- Cooking Time: 0
- Servings: 10-12
- Preparation Time: 10
- Heavy cream
- 1. Dump a lot of heavy cream into a bowl, and whip it until it holds a medium-to-stiff peak. If you're measuring, I like to whip 3 cups of cream for each sleeve of cookies. Before whipping, you can fold in flavorings; sometimes, I add a splash of vanilla or a big pinch of confectioner's sugar, but the cream is great as is.
- 2. Take a cookie, spread a spoonful of whipped cream on top of it, and top it with another cookie. Repeat until you have a little tower. When the tower gets too high, lay it on its side.
- 3. Build another tower of cookies, lay it on its side, and connect your two cookie-logs. Repeat until the sleeve of wafers is finished, reserving some of your whipped cream. You should have one, big, messy log of cookies and cream.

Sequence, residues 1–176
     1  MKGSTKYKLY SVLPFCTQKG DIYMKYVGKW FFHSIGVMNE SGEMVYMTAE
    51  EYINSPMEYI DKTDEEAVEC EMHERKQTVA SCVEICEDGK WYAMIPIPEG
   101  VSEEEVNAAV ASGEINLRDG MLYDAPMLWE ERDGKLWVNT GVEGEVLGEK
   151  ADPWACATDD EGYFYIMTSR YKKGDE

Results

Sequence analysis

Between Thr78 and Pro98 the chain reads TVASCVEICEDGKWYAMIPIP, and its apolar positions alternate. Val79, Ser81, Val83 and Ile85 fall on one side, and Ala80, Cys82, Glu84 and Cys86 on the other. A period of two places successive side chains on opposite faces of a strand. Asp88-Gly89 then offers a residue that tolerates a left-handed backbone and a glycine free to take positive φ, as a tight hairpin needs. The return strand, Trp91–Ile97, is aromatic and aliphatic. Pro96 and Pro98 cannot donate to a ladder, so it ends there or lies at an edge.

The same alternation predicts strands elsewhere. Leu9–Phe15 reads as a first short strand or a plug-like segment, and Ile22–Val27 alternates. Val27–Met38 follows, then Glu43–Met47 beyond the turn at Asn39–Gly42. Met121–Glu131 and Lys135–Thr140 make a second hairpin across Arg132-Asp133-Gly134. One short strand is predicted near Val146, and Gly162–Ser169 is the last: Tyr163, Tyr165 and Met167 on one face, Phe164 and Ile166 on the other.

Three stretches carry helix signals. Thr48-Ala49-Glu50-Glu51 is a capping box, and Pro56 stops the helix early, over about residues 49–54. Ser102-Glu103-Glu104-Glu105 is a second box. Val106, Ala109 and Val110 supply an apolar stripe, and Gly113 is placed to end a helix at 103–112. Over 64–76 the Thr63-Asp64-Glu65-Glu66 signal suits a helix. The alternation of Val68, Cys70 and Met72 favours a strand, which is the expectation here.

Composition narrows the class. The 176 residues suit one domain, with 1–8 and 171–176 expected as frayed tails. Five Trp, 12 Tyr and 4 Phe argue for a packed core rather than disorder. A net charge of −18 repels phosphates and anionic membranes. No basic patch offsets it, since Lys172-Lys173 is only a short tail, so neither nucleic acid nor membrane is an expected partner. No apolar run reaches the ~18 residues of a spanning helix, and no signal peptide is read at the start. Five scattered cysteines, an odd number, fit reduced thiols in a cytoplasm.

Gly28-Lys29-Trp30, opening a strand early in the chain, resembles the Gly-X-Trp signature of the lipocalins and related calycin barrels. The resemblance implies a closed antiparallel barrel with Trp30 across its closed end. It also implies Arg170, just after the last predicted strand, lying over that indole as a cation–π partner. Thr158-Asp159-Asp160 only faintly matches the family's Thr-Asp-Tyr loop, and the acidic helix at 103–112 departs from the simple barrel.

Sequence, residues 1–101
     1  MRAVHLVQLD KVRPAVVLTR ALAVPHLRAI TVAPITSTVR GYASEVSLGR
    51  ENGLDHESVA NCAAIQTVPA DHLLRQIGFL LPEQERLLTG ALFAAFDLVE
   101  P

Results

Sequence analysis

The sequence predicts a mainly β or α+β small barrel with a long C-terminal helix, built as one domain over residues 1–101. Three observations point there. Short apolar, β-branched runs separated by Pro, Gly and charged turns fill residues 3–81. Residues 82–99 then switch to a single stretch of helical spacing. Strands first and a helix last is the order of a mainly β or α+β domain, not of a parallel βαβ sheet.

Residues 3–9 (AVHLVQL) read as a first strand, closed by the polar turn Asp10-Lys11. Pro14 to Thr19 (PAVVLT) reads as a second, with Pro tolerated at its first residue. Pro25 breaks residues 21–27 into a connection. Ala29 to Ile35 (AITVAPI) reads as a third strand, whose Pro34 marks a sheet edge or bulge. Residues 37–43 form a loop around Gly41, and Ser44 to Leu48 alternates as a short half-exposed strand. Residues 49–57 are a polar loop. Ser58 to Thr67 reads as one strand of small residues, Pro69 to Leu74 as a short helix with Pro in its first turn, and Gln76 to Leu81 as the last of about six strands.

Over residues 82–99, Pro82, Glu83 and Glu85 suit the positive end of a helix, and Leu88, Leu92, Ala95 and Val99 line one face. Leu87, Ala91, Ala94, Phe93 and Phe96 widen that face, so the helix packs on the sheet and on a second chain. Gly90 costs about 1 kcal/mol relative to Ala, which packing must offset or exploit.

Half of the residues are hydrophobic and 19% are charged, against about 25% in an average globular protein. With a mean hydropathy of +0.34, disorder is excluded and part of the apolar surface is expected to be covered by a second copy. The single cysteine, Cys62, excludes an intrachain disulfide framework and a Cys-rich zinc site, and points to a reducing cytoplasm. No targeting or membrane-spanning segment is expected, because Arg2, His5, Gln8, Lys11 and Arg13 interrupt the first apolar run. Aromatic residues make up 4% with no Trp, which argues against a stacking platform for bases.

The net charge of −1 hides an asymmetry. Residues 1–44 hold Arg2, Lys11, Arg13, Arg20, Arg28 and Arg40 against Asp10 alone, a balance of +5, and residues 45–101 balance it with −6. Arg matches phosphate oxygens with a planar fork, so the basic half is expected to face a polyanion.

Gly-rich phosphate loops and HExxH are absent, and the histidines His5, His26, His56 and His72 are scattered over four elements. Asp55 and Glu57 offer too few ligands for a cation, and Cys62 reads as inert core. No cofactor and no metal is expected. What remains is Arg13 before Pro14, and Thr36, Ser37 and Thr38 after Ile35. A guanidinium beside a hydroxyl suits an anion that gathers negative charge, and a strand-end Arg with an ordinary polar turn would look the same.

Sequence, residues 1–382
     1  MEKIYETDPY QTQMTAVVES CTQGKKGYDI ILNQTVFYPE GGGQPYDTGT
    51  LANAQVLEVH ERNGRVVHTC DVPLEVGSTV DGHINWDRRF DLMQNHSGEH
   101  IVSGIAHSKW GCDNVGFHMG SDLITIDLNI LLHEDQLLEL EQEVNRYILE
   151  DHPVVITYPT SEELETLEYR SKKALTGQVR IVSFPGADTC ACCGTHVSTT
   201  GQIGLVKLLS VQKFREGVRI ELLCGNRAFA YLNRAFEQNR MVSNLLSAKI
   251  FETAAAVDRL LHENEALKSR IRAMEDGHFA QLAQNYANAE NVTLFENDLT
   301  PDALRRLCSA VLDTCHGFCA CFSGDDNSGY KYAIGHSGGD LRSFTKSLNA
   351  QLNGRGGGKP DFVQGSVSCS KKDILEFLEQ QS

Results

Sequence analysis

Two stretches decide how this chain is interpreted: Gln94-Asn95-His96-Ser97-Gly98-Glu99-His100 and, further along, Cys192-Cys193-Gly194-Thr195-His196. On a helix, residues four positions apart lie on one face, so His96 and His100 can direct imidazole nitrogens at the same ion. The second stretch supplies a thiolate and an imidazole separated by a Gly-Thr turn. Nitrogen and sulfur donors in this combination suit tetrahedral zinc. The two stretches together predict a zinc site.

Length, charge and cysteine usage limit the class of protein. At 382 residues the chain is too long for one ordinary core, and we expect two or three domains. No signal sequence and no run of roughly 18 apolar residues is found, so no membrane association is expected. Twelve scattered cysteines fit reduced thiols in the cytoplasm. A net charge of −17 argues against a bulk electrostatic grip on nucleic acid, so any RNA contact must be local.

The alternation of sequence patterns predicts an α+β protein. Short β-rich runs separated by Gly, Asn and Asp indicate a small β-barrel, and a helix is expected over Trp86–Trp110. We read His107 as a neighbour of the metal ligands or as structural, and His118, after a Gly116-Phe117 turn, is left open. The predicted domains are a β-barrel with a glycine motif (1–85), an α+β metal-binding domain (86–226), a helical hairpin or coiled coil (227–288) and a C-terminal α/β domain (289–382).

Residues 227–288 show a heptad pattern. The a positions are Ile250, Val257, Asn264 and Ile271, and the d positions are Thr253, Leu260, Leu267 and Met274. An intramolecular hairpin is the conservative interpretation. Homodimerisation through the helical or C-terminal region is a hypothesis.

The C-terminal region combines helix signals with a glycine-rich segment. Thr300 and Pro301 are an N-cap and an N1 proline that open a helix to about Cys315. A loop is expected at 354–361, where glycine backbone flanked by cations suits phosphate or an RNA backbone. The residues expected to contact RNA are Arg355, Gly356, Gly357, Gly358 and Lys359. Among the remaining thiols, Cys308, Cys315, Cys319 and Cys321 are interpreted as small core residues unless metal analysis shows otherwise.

- 4. Frost the log with your remaining whipped cream.
- 5. Cover your cake with foil, and let it rest in the fridge overnight. Before serving, you can garnish it with chocolate shavings or sprinkles -- but I usually just slice it on the bias and dig in.
NotesCookies and cream: you may know it as an ice cream flavor, but the place they shine -- the place they belong -- is in an icebox cake.
At its simplest, an icebox cake is simply cookies and whipped cream, layered, and left to sit and meld together so that the cookies become creamy and the cream becomes cookie-y and you're left with one, singular, so-good-you-can't-stop-talking-about-it dessert.
Icebox cakes come in all shapes and sizes. I go for the classic: Nabisco chocolate wafers, layered with whipped cream, and stacked into a log. You could also build the cake in a circle, or arrange logs next to each other for a more-classic cake shape. You could flavor your whipped cream with peanut butter or coffee or caramel. You could use graham crackers or gingersnaps or thin chocolate chip cookies. When you're making icebox cake, you're in control.